Who Won Indian Law and Policy 2014? First Round Bracket — 8 of 8

Last one for the day!

Still on category 4, groups.

# 2 Tribal Supreme Court Project

They’ve need a win, and Bay Mills was a biggie! While they were unable to persuade SCOTUS not to take the case in the first (even the SG failed there), and they were unable to persuade the tribe not to bring this case in the first place, but that said, they did help tribal interests avoid problems in a lot of other cases (here, here, here, here, and here). Actually, I have no idea if they helped or not but we’ll give them some credit anyway.


# 15 Tribal Law and Policy Institute

Always been a big fan of Jerry Gardner and his crew. One of the funniest men around. Did amazing work on the Attorney General’s Advisory Committee on American Indian and Alaska Native Children Exposed to Violence Report this year.

#7 Native American Bar Association

NABA will be releasing a report arising out of a survey that over 500 Indian lawyers completed this year, so maybe this posting is a year early.


#10 Tribal In-House Counsel Association

New organization that has the potential to revolutionize the practice of law in Indian country. I’m hoping that TICA members will be able to cut through a lot of this in the coming generation.

#3 Authors of law review articles on Adoptive Couple v. Baby Girl

Yes, there’s a lot, lot, lot of these out there. Some are brilliant and inspiring, some are, well, kinda scary.


#14 Authors of law review articles on Michigan v. Bay Mills Indian Community

Not as many, and most are less scary. Here, here, here, here. Some are just weird.

# 6 Carcieri challengers

The people, groups, tribes, and states and state subdivisions that want to use a poorly-reasoned Supreme Court decision to stop Indian gaming at all costs are legion. Samples here, here, here, here, here, here, and elsewhere (just type Carcieri into TT’s search engine). Interior has opined about it here.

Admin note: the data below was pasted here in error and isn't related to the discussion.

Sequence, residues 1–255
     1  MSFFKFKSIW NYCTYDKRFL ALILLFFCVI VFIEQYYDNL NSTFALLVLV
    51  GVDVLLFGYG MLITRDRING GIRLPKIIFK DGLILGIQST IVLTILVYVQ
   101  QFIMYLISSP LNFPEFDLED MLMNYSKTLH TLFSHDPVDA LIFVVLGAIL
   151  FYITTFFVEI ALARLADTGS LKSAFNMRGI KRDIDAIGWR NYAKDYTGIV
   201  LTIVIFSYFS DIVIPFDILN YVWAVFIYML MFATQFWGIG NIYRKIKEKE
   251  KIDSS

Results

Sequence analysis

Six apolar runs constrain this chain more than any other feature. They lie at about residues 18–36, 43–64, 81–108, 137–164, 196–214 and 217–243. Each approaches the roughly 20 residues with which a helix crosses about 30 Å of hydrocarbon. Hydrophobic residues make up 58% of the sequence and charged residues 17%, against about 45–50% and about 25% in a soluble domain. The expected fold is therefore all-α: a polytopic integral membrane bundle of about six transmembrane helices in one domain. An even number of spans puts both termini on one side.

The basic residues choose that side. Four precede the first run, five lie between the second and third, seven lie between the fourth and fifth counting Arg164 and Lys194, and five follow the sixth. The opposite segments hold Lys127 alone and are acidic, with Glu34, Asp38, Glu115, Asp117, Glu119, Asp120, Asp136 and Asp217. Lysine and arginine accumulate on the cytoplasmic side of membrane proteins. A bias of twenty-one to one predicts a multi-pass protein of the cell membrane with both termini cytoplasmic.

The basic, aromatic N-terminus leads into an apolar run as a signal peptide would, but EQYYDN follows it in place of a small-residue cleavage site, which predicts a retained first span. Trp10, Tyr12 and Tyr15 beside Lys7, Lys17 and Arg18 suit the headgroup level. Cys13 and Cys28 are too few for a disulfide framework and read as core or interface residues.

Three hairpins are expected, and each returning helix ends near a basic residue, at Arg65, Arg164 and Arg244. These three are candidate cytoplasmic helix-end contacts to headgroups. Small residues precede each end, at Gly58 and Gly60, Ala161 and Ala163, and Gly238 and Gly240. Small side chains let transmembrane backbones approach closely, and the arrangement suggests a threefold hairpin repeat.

# 11 Tribal sovereign lenders


Rehearing Petition and Amicus Briefs in Support in Native Village of Tununak ICWA Appeal

Here are the new materials in Native Village of Tununak v. State, Dep’t of Health & Social Services, Office of Children’s Services:

Appellant’s Petition for Rehearing

Brief for Grandmother as Amicus Curiae in Support of Appellant

Brief for the United States as Amicus Curiae In Support of Appellant

The court’s opinion is here.


Split Montana SCT Affirms Denial of Indian Child Welfare Matter’s Transfer to Blackfeet Tribe

Here is the opinion and the various briefs in In the Matter of S.B.C.:

Appellant Brief — Blackfeet Tribe

Appellant Brief — Father

Appellant Brief — Mother

Appellee Brief — Response to Father

Appellee Brief — Response to Tribe

Appellee Brief — Response to Mother

Reply — Blackfeet Tribe

Reply Brief — Father

Reply Brief — Mother

Montana SCT Opinion


N.B. (Birth Mother) and S.B.C. (Biological Father) appeal from the order entered by the Fourth Judicial District Court, Missoula County, terminating both parents’ rights to their minor child, S.B.C, Jr. (S.B.C), and granting the Department of Public Health and Human Services, Child and Family Services Division (Child Services) permanent legal custody with right to consent to adoption. The Birth Mother and Biological Father also challenge the District Court’s order denying transfer of jurisdiction to the Blackfeet Tribal Court. The Blackfeet Tribe (Tribe) has filed a cross-appeal likewise challenging the denial of its motion to transfer jurisdiction to the Blackfeet Tribal Court and the termination of Biological Father’s parental rights. We affirm.